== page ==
When you’re up to your ass in alligators it is difficult to remember that your primary objective was to drain the swamp. —Unknown
I learned a valuable lesson early on in my career as an electrician: Get comfortable with the tools and stay focused on the goal. For example, if I had to drill a quarter-inch hole in a piece of metal I would need an electric drill and the proper sized high-speed steel drill bit. This is where too many choices, lack of experience, and inattention can overwhelm a person.
- Do I need to use a Milwaukee, DeWalt, Black & Decker, Makita, Hitachi, Skil, or Bosch brand drill motor?
- Does it matter if the drill motor has a 1/4-inch, 3/8-inch, or 1/2-inch chuck?
- Should the drill motor be a Pistol-grip, D-handle, or Angle-head model?
- Should I use a corded 120 volt drill or a cordless model?
- If cordless, should it be a 12-14-18-32 or 36 volt model?
- If corded, is an outlet nearby or do I need an extension cord?
- Will I need an power adapter (U-ground-to-Twistlok, for example) in order to plug-in the cord?
- Do I need to have a forward/reverse switch (in case the drill bit binds)?
- Is a variable speed model preferable (for thicker metals)?
- Will I need some lubricating oil to help the drill bit in case the metal is harder than expected?
Let’s get back to basics: We need to drill a hole, not purge our souls. With the help of some more experienced men I learned to quickly navigate those questions and get to the job at hand—drilling a hole.
“I’ve got a Nikon camera. I love to take photographs…”
I have carried that mindset with me into the field of photography, where the available choices for taking any photograph can be equally mind-boggling. SLR and DSLR cameras offer a multitude of lenses, filters, and accessories. Choices of aperture, exposure, focus, depth-of-field, and the focal length of the chosen lens can be daunting to even the most seasoned photographer. We have come a long way from George Eastman’s original Box Brownie camera.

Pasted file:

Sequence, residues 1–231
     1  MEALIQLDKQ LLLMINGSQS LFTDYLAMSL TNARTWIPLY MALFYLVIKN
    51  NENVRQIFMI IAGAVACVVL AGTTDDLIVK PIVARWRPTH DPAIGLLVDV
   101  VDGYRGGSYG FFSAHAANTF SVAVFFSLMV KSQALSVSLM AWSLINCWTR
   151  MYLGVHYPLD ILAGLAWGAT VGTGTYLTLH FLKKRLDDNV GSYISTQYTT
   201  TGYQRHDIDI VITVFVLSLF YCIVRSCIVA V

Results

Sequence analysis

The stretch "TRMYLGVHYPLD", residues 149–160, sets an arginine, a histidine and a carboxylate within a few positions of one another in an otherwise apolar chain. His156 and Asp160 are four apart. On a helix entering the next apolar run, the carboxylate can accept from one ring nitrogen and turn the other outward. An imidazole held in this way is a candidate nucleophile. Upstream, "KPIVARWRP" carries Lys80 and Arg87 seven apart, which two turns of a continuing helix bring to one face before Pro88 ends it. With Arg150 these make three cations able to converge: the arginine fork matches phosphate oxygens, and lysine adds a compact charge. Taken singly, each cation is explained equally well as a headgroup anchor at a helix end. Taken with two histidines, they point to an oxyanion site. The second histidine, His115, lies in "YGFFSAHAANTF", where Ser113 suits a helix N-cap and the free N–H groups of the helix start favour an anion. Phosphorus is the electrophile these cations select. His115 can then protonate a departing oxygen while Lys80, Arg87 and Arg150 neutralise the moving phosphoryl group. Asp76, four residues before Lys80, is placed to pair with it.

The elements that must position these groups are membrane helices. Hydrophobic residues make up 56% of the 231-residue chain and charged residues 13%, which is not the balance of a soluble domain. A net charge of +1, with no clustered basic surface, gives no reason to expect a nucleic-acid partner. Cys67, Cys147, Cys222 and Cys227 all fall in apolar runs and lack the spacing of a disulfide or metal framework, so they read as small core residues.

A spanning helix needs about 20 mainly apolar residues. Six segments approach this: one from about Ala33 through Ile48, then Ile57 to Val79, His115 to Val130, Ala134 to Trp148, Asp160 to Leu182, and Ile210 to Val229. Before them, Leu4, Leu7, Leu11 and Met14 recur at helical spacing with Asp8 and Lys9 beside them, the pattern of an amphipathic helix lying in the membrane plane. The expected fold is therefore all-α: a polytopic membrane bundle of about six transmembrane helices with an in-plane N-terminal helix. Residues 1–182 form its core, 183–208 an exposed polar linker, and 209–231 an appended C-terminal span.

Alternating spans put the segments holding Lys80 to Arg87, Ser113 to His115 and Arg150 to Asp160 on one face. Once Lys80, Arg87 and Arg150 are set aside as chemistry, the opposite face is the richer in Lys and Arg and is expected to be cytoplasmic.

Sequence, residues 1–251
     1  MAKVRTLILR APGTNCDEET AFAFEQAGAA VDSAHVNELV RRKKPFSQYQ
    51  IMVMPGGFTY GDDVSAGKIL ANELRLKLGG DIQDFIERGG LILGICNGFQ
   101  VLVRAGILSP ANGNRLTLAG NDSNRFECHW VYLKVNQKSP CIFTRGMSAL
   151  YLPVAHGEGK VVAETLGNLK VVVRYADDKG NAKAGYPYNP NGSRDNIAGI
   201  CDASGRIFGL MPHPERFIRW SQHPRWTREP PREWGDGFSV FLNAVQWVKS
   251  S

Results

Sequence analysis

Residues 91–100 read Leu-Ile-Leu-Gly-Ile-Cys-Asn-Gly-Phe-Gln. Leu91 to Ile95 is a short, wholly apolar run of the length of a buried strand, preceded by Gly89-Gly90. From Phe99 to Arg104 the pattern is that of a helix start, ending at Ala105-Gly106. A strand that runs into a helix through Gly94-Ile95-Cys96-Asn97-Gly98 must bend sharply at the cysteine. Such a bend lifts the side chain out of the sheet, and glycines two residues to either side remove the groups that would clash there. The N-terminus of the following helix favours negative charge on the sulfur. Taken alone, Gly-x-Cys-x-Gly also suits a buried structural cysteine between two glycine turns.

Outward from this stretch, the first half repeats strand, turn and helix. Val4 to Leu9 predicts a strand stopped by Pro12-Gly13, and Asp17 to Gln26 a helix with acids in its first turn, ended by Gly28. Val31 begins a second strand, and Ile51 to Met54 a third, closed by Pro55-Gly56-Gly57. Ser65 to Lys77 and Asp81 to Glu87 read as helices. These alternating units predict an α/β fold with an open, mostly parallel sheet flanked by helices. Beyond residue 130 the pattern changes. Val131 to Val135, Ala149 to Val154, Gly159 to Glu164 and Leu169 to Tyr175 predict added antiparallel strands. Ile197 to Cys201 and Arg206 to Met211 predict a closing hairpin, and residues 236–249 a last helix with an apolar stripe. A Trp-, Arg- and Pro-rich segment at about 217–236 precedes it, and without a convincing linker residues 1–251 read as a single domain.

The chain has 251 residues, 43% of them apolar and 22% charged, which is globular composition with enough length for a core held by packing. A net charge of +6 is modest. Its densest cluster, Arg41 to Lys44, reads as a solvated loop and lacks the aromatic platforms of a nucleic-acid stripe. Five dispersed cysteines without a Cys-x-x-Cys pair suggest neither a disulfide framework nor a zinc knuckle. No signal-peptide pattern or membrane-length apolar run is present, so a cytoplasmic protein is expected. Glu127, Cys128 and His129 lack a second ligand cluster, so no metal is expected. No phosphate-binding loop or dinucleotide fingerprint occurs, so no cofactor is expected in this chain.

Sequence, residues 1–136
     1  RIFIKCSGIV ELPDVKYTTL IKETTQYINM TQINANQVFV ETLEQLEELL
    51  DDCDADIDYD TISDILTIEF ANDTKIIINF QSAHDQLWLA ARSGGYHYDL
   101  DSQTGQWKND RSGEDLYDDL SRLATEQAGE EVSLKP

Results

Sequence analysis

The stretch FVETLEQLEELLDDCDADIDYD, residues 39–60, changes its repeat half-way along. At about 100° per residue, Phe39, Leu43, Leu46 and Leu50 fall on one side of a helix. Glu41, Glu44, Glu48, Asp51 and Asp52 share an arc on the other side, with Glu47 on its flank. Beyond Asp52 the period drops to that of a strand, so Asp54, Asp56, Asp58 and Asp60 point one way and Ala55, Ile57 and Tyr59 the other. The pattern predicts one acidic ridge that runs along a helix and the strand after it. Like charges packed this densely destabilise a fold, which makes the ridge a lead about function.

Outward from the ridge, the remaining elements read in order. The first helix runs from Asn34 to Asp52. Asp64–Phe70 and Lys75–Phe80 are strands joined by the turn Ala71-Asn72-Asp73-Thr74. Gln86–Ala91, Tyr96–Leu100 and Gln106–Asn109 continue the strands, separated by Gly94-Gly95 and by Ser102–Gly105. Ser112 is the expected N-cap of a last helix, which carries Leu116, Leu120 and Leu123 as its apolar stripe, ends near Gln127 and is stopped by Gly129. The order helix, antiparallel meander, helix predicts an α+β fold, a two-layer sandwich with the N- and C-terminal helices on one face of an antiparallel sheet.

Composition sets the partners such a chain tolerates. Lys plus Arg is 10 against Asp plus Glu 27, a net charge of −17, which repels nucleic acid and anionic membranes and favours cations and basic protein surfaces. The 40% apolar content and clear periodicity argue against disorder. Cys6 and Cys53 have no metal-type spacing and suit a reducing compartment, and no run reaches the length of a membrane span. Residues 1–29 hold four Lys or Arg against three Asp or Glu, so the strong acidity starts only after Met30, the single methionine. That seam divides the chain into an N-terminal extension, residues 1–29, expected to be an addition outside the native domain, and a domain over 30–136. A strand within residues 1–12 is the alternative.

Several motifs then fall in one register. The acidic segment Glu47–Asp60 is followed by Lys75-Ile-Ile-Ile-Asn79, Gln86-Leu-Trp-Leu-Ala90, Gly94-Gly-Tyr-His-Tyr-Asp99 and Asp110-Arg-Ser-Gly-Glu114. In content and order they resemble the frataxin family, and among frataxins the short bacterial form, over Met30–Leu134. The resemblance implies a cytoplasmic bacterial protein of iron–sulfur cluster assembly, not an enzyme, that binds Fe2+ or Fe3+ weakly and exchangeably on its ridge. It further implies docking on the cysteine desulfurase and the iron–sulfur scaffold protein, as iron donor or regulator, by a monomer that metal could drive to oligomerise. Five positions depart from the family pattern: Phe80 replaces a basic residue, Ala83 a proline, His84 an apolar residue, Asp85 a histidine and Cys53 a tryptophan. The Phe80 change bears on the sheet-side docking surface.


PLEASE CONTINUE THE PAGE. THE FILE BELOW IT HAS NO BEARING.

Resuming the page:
Or have we?
I look at the iPhone camera as the 21st Century’s Digital Box Brownie camera. Steve Jobs and his talented staff at Apple turned the world of photography upside down with the first iPhone camera.
We are back-to-the-future in terms of the fixed aperture and fixed focal length lens on our Smartphones. Composition, light levels and focusing distance are the only controls that we can exert when taking a photo with our mobile device—and that is not necessarily a bad thing.
The trick that I have discovered is to immerse myself within the limitations of my iPhone camera. I know that I can make only make slight adjustments with the exposure and shutter speed controls in the app that I use the most (Camera+). I know that my iPhone has a digital, not an optical, zoom (and that it isn’t worth a damn). I know that it doesn’t have interchangeable lenses and that the aftermarket clip-on lenses become obsolete whenever the device is redesigned and changes size/shape. I also know that if I put these factors to use for me, I can concentrate on making the best photo that I can with the equipment that I have—not the equipment that I wish I had.
I learned that lesson 30 years ago from a professional Travel Photographer and it reinforced what I learned first-hand in the Electrical Trade working with hand tools: Don’t waste time wishing for what you don’t have; Concentrate on doing the best job with what you’ve got.
Once you have the basics down pat, you can take great photographs with any camera—if you stay within the limits of said device.
Pixar co-founder John Lasseter says the next big thing for movies is the iPhone, the GoPro, and the other tiny cameras that we’re all carrying around. He even expects to see award-winning feature films made with them some day. —Jacob Kastrenakes, The Verge
In the article referenced above, Mr. Lasseter outlines how he adapted the “plastic look” of the animation software of the time and used toys as characters to make the hit film,Toy Story. It is his opinion that filmmakers will adapt to GoPro and iPhone video cameras to tell stories and create a new “film grammar”.
It is an exciting time to be alive and to witness the creative genius that is flowing over/under/around/among us.
What are your thoughts? What do you think about films today and the direction of entertainment choices?
And now a bonus for making it this far
This video will show you how to make a significant advance in your Smartphone photography technique.
Related link: Camera+ app